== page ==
Of Europe's would-be kings, Crown Prince Alexander of Serbia (son of King Peter II of Yugoslavia who as this Telegraph article to its credit admits was betrayed by Churchill during World War II) may have the best chance at restoration. The recent reburials in Belgrade of his parents, grandmother, and uncle highlighted the strong interest in the royal family that persists in Serbia.  Long live King Alexander II!

Monday, June 10, 2013

German prince advocates restoration

Today is the 37th birthday of HRH Prince Georg Friedrich of Prussia, rightful King of Prussia and German Emperor. But it is his cousin Prince Philipp Kirill (who would be the next head of the House of Hohenzollern if not for its equal marriage requirements--his mother is not noble, while Georg Friedrich's, born a countess of Castell-Rüdenhausen, is), a Lutheran pastor and father of six, who is more committed to thoughtfully and reasonably advocating the restoration of the German monarchy, an idea which while still far from mainstream is encouragingly more popular among young Germans than older ones.

Annoyingly, most of the reactions from Local readers were hostile. I posted the following in response:

As a convinced and passionate monarchist, I am appalled--though unfortunately not really surprised--by most of the comments here. This is a thoughtful man who takes his inheritance seriously, obviously loves his country in spite of the shabby way his family have been treated since 1918, and reasonably proposes an alternative that works quite well in ten modern European countries, and all people can do is tear him down. The causes of the First World War were extremely complex and cannot be blamed on any one individual. In any case a new German monarchy would not be exactly like the old one but would be a new creation suitable for the 21st century, as the British, Dutch, and Danish monarchies manifestly are.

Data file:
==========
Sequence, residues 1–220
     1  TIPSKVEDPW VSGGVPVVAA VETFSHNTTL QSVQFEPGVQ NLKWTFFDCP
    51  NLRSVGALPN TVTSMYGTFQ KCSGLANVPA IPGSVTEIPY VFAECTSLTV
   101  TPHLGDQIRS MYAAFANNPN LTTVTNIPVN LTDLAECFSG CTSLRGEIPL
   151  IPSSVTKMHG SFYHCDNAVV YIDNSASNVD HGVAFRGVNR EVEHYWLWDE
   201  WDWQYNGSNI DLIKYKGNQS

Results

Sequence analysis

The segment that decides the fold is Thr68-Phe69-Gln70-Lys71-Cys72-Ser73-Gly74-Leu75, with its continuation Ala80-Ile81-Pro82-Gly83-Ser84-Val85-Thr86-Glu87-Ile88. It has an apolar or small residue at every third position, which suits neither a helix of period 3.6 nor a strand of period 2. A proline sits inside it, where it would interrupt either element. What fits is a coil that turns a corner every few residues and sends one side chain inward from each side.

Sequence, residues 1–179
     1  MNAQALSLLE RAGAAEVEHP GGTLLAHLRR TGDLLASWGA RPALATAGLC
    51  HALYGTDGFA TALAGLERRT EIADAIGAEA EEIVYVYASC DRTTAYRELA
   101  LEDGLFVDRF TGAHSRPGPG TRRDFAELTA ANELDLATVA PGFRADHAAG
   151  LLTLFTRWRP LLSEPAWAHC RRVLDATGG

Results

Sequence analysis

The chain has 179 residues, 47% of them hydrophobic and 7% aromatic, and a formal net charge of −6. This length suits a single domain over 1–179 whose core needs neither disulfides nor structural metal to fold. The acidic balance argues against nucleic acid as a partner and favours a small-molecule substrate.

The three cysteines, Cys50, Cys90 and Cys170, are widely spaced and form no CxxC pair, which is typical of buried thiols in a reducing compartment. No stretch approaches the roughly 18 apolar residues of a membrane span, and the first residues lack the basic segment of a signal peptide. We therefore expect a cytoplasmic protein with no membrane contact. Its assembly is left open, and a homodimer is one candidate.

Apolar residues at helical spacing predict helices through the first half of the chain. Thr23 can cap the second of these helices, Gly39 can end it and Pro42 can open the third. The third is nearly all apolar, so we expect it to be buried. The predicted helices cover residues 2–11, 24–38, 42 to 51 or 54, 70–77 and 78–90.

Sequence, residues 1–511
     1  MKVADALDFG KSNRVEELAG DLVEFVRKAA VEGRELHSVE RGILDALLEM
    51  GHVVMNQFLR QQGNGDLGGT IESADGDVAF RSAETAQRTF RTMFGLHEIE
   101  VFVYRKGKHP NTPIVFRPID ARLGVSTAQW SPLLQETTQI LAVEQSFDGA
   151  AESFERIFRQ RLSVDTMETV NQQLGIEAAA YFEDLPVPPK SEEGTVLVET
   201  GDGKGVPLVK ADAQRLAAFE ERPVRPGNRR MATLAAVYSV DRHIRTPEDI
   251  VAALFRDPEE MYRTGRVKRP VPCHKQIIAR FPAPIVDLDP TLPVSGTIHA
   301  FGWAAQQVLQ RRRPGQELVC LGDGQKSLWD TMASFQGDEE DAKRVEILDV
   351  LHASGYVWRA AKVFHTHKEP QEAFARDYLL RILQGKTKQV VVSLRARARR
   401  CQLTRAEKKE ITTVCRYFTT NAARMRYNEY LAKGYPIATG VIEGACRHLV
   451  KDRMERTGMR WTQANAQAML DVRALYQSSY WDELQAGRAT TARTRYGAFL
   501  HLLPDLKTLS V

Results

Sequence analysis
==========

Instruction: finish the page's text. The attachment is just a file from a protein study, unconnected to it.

I fail to see that Germany's elected presidents and politicians have been in any way an improvement on the noble and royal houses that shaped German culture and destiny for a thousand years. What happened in 1918 was a tragedy from which Western Civilization has still not recovered and must be reversed. I find it amazing that after Hitler anyone can still believe it is better for leaders to come from humble backgrounds. A king born in a palace is much safer. Everything that is good and beautiful in Germany, everything that tourists admire, comes from the time of the monarchies--not just the Hohenzollerns, but all of them, including the Wittelsbachs of Bavaria (my personal favourite)--before the apocalypse of 1918. But monarchy should not be confined to nostalgia; the principle of a head of state who by being separate from the divisive political process, precisely because he is not elected, can represent the entire nation as a politician cannot, is as relevant today as it ever was. God bless Prince Philip Kiril and long live the German monarchies!